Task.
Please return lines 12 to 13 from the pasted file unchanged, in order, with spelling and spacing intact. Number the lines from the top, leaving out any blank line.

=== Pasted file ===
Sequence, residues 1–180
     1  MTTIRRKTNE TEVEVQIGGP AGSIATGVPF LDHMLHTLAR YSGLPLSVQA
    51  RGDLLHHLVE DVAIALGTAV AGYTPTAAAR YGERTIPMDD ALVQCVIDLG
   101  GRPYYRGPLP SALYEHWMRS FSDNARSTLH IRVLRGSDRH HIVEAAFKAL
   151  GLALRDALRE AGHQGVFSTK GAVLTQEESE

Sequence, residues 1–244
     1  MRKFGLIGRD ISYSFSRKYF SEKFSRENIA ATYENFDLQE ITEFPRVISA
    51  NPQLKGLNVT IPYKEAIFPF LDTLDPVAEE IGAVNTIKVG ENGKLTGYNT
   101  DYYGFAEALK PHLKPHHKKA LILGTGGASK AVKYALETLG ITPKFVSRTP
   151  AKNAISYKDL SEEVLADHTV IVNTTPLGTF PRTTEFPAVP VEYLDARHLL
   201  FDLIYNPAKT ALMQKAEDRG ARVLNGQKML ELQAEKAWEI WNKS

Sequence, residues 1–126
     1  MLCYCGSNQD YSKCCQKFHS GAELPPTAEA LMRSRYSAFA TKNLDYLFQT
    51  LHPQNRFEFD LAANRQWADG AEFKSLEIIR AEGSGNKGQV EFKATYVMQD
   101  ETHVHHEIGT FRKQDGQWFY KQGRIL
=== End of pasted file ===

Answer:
Sequence, residues 1–126
     1  MLCYCGSNQD YSKCCQKFHS GAELPPTAEA LMRSRYSAFA TKNLDYLFQT